Mr. Diefendorff is originally of German ancestry, His father was a native of the State of New York. He did service in the Revolutionary War, was over eighty years old at the time of his death and in receipt of a pension. The grandfather of the subject of this biography was Captain Hendrick Diefendorff, who fell on the battlefield of Oreskany, the day that General Herkimer was wounded, when his saddle was placed under a tree, and, reposing his head on that, he commanded his regiment. The battle was lost for the patriots. General Herkimer died of his wounds at its close, and it was altogether a day of sorrow for the beautiful Mohawk Valley. The mother of Mr. Diefendorff was Elizabeth Baum, a niece of Colonel Baum and a native of Virginia.

C. J. Diefendorff was born on the 19th of April, 1814, in the State of New York. He remained with his father until the enlargement of the Erie Canal, when he became bookkeeper and foreman with a contractor.

In 1840 he taught school in his native district. Two years later he was married to Miss Sarah E. Thayer, daughter of General Bezeleel Thayer, of Oswego County, New York. In 1848 he returned to Fort Plains, New York, and opened a store on the Erie Canal. On January 5, 1853, Mr. Diefendorff, accompanied by his wife’s brother, Henry S. Thayer, took passage to San Francisco via Panama. After leaving the latter place the vessel sprung a leak, and, what was worse, the yellow fever broke out on board and full fifty of the passengers were buried at sea. At Acapulco the passengers went ashore and among the sick were Mr. Diefendorff’s wife and Mr. Thayer, her brother. The latter died of the epidemic and was buried in the cemetery set apart for foreigners in that place. After many other vicissitudes, Mr. Diefendorff finally arrived at San Francisco on March 8.

Mr. Diefendorff engaged in mining on his arrival, beginning at Prairie City, a camp near Folsom. He also mined on Alder Creek. In the fall of 1855 he purchased a ranch on Grand Island, Colusa County. In 1856 he was Justice of the Peace of Granite Township, Sacramento County, and while serving on the board of elections in that township, he was elected Justice of the Peace of Grand Island. At a meeting of the Justices of Colusa County, he was elected a Justice of the. Sessions and at the close of his term he was appointed County Judge by Governor Downey. He afterwards served two terms as Supervisor of Colusa County. At the beginning of the war, Mr. Diefendorff was appointed Deputy United States Marshal and Deputy Indian Agent. At its close he was made Deputy Revenue Collector of Colusa and Tehama Counties. Under appointment of the Union League of San Francisco, he was authorized to establish Union Leagues in Colusa County.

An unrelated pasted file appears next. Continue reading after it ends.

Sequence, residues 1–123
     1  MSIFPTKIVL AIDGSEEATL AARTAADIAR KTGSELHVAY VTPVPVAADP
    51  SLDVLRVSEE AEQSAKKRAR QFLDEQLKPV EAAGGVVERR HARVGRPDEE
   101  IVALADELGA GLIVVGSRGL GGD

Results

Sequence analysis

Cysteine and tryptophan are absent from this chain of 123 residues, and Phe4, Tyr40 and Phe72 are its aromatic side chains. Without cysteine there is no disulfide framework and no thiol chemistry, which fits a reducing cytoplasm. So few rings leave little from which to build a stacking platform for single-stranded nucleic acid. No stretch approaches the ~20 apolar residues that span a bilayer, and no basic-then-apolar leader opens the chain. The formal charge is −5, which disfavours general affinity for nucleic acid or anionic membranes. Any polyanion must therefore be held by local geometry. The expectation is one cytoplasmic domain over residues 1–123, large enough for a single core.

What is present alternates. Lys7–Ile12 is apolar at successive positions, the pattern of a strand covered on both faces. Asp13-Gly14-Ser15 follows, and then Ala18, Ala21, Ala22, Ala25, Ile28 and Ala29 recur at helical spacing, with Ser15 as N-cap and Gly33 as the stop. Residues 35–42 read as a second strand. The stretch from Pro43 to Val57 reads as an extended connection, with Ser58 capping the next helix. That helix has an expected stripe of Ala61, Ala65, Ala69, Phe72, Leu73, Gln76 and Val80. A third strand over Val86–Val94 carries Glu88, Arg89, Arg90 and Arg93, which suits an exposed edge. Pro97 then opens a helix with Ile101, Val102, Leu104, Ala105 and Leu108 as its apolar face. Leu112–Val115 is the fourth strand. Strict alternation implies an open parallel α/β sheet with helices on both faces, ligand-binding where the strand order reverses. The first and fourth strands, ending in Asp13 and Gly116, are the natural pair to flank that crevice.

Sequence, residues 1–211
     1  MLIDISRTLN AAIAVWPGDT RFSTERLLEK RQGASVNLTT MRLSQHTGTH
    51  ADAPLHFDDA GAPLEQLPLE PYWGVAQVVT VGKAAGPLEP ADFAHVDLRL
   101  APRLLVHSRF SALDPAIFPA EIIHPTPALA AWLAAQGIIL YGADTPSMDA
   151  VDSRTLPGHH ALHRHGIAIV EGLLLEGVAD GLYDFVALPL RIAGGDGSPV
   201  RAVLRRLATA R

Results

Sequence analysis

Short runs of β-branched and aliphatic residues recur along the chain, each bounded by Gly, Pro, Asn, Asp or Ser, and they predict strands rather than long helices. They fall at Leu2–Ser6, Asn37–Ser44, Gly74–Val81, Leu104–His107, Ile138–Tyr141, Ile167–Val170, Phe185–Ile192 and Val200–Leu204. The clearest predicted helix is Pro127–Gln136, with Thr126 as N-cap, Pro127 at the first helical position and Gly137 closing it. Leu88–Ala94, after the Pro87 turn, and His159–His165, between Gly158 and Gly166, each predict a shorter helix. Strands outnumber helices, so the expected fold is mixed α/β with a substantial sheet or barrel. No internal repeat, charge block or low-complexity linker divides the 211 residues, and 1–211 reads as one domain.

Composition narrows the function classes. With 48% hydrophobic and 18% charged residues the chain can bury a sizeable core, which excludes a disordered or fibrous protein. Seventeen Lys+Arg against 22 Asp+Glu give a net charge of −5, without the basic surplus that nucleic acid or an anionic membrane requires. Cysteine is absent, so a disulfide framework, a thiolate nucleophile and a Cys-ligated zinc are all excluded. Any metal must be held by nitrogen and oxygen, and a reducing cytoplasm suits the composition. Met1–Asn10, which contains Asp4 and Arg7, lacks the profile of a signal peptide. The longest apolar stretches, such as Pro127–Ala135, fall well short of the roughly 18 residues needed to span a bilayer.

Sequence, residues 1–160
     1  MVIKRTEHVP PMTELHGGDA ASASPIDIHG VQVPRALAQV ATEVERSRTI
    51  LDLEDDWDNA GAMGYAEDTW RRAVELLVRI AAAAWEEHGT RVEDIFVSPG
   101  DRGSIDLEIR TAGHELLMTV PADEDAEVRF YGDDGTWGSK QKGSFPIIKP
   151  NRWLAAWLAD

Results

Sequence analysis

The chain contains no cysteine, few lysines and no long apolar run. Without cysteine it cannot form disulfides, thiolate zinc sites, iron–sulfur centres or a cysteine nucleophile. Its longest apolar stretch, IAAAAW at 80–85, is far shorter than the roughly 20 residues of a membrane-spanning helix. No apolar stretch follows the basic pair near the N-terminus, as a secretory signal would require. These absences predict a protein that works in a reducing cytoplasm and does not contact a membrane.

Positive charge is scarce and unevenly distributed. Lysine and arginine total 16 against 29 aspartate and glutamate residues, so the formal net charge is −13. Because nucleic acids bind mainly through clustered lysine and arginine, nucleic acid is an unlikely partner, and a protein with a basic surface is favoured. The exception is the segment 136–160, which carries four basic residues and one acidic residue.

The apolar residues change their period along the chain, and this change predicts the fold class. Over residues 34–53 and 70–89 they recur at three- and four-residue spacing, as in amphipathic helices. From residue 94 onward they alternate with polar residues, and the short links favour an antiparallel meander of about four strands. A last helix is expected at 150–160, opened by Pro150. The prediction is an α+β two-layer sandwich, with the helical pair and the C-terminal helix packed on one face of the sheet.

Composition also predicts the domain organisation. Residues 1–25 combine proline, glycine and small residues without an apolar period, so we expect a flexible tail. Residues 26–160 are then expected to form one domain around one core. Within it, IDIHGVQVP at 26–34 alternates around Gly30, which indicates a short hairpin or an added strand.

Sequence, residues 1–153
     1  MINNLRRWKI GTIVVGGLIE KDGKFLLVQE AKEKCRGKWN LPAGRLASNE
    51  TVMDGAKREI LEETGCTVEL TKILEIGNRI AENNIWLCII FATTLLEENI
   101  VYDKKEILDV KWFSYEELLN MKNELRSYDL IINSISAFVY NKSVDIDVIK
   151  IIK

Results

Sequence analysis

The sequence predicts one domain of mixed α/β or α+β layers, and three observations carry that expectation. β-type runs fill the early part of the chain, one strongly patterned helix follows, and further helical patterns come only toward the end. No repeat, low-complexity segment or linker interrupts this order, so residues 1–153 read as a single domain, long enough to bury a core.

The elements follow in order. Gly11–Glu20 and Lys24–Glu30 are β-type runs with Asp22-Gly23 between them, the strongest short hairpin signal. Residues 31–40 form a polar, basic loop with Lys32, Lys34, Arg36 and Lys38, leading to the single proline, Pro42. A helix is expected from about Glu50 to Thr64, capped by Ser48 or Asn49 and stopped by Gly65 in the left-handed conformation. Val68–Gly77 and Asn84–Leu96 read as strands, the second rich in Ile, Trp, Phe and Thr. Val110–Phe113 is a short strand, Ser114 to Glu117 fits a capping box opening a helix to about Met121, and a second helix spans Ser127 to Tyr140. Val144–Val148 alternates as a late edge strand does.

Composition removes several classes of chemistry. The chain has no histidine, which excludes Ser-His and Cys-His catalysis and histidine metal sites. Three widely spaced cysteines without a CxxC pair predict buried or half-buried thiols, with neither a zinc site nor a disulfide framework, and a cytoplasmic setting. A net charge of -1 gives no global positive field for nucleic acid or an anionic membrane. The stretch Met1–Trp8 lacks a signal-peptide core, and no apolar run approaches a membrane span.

While acting as Deputy Indian Agent, he was appointed by Chief “Him Boo” to give instructions to his son Capitan Bill. The old chief called his people around him just before his death and gave Diefendorff in charge of them. To this day the older Indians on Grand Island salute Mr. Diefendorff as “ Him Boo.”

During the years 1881-1883 Mr. Diefendorff was engaged in closing his business on Grand Island, preparatory to removing to San Francisco, where he now makes his home. Although not a resident of Colusa County, Mr. Diefendorff is in feeling, association of spirit and sympathy a Colusan.


This enterprising gentleman was born in Rutherford County, Tennessee, January 19, 1822. He spent his early life on his father’s farm working laboriously and picking up such an education as the schools of the time or locality could afford, supplemented by the reading of books which a keen desire for self instruction could lay hold of. At the age of thirteen years, young Stovall removed, with his father’s family, to Missouri. Here he remained nearly fifteen years, pursuing the labors of the farm. On April 16, 1850, he bade adieu to his old home and set out for California, crossing the plains by way of Sublett’s Cut-off, driving an ox-team. He arrived at Sacramento on August 29 of the same year. For the first seven years of his life he worked at various jobs, sometimes at mining, at other times on a ranch or herding stock in the ranges of the Sacramento Valley. In the fall of 1858 he came to Colusa County, and located one hundred and sixty acres where his present home now stands, six miles west of Williams. Here he engaged in grain-farming and stock-raising, and whenever his means would allow and the opportunity proved favorable, he kept adding to and enlarging the territory of the home ranch.

Mr. Stovall had now become quite prosperous, a felicity which his industry and sagacity well merited, and over which his neighbors and friends were never slow in congratulating him. It was now determined to consolidate his large holdings with those of the Messrs. Wilcoxson for the purposes of incorpora­tion, and out of this was formed the Stovall-Wilcoxson Company, incorporated January 15, 1890. This company owns thirty-two thousand acres of land in the county, which is cultivated to grain or utilized for stock-raising. Besides they own warehouses for the storage of grain, at Williams, buy and sell grain and live-stock and conduct banking business in the same town. J. C. Stovall is president, and George H. Wilcoxson vice-president, of this company.